Lady Macbeth is nineteenth-century noir rather than tragedy—in-and-out at ninety minutes and with a well-evoked chilly emptiness at its heart. It’s possible in this world to survive, to be victorious; less possible to be happy.
Katherine is a young woman—barely more than a girl—who is married to an older man. Their marriage walls her up alive in his isolated manor: when she’s finally able to step foot outside, the scene has all the tension and unsteady joy of a jailbreak. Her husband loathes her in a chilly, unspecified way; he sees her not as a person but more as an animal who can be well- or badly-trained. He has no interest in her. His father is actively and more attentively cruel. And this is the limit of Katherine’s society except for the servants, and so it is, eventually, the servants to whom she turns.
But this is a world of hunger and satisfaction, not of love, and Katherine’s eventual affair is entirely about whether or not it fills the ravenous loneliness and long-neglected eroticism in her; she treats her lover, Sebastian, as a beloved pet. She loves him, or she tells him so, in the course of demanding his reciprocity. She cossets him. She gives some thought to his happiness but none at all to his conscience or his wants.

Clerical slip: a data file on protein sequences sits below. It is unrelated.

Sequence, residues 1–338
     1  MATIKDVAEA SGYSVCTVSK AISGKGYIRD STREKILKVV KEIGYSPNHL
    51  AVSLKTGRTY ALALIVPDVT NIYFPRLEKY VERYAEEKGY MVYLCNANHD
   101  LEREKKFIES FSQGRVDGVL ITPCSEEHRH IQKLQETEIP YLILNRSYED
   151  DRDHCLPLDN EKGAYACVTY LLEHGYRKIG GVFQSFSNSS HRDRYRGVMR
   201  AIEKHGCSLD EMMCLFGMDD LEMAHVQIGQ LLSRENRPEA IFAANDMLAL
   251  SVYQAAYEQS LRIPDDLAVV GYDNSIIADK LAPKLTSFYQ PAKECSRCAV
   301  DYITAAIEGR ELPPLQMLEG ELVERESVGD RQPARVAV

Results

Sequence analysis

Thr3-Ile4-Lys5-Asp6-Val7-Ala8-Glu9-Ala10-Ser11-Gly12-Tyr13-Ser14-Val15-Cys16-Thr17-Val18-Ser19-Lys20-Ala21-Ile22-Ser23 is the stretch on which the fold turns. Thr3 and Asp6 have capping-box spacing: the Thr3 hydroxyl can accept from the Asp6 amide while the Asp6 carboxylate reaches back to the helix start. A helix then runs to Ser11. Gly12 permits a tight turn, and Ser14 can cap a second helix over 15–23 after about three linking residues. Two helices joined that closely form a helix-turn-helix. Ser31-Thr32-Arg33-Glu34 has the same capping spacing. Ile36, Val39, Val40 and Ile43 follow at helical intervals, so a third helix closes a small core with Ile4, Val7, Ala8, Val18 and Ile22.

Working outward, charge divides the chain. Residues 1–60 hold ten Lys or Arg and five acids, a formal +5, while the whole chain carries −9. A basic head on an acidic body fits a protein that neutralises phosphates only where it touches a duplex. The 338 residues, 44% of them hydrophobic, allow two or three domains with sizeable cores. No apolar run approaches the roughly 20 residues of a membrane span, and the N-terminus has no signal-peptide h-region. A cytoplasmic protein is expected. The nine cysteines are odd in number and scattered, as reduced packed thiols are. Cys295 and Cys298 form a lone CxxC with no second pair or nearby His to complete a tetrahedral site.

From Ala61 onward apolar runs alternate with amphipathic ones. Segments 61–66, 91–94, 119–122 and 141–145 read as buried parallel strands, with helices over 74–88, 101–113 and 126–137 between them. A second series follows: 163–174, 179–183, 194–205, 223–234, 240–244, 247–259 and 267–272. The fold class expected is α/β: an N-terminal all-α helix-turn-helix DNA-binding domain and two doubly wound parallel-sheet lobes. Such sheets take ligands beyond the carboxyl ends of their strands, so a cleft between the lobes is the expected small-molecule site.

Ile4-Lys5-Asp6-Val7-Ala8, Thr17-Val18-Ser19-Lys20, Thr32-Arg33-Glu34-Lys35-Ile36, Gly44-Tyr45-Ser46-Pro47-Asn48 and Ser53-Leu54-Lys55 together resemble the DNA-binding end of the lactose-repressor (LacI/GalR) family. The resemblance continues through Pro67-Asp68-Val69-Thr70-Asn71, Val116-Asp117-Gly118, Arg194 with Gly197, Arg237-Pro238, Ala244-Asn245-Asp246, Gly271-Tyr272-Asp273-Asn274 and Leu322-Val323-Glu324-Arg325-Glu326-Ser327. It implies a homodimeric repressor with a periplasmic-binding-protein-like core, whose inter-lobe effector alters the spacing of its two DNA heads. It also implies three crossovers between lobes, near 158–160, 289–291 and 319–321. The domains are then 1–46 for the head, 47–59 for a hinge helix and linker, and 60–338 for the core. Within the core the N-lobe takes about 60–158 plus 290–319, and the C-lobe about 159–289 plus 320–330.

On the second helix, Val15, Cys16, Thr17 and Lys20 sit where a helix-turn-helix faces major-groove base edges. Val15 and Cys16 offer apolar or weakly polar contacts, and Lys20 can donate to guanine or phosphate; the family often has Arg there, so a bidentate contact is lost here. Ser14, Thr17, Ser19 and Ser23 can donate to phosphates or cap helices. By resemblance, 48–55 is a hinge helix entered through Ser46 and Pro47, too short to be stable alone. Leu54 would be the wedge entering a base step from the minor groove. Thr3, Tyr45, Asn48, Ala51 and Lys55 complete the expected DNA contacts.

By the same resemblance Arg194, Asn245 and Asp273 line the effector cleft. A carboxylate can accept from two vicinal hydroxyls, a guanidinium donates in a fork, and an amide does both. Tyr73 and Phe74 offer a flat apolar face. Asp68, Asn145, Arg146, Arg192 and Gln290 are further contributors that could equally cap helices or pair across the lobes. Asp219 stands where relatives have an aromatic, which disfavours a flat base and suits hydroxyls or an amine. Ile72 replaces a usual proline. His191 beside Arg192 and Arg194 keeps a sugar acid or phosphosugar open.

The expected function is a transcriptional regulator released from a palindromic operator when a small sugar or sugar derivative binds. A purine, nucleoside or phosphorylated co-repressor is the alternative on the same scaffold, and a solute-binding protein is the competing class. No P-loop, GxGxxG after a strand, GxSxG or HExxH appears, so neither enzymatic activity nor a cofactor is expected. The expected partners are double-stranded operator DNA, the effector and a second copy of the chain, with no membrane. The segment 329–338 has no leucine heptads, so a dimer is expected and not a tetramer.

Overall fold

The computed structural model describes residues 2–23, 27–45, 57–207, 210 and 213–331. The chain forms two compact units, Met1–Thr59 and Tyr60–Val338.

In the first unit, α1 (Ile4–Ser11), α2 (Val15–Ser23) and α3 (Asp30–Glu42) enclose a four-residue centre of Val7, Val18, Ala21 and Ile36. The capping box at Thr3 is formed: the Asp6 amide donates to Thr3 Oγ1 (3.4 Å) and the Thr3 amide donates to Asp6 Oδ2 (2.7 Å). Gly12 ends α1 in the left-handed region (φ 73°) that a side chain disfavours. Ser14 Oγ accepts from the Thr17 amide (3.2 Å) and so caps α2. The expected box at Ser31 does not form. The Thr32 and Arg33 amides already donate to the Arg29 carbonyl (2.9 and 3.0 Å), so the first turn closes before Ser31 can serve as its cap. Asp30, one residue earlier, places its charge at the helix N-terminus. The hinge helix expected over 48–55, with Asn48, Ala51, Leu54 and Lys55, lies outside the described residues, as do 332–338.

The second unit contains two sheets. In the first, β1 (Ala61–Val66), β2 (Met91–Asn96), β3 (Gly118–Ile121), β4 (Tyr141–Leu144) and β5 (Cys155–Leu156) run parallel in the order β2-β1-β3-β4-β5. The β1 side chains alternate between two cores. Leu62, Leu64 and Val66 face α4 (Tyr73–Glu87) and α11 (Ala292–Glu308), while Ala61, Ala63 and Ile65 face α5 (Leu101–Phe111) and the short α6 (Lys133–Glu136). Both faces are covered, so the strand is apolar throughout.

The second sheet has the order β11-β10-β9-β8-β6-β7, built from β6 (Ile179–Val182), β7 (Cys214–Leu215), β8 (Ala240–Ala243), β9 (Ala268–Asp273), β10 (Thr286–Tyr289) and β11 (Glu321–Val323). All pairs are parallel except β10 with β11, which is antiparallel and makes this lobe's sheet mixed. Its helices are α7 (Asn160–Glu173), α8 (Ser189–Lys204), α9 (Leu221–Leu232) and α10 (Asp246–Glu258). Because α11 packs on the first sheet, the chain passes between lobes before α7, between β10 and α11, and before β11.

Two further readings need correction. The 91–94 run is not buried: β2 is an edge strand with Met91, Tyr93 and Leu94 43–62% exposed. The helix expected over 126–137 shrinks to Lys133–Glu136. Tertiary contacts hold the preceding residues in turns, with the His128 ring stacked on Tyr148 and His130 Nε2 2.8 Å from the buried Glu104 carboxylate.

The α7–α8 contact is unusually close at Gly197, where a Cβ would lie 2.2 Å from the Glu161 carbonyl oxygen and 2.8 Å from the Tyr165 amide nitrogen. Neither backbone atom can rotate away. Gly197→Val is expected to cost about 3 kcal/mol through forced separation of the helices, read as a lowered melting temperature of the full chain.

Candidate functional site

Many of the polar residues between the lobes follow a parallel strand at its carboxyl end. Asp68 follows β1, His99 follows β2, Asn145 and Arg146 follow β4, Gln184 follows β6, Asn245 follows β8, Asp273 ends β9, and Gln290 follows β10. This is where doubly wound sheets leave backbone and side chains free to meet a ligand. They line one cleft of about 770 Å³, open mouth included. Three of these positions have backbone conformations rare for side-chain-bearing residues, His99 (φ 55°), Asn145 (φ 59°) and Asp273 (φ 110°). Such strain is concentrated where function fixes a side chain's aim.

It’s a film that deals with privilege, appropriately enough, as a question of violence. Who can safely hurt whom? When is vulnerability an asset? (The same qualities that set Katherine up to be the victim of her husband and father-in-law are ammunition, later on, to rescue her from true accusations: how could someone like her have done such things?) Its delicately-handled interest in these questions and its willingness to establish each character as more fraught, more complicated, and more self-driven than the people around them would like make it a great psychological suspense film. A long, step-by-step progression to one woman alone in a house.
And on top of that, it’s sumptuous in its visuals, full of rich, dark colors and attention to detail—the different way light looks inside a house, no matter how airy and open; the insolence of a particular pose or a particular dress. It all gives the sense of perfectly planned exteriors in which savage interior qualities have been allowed to run amuck.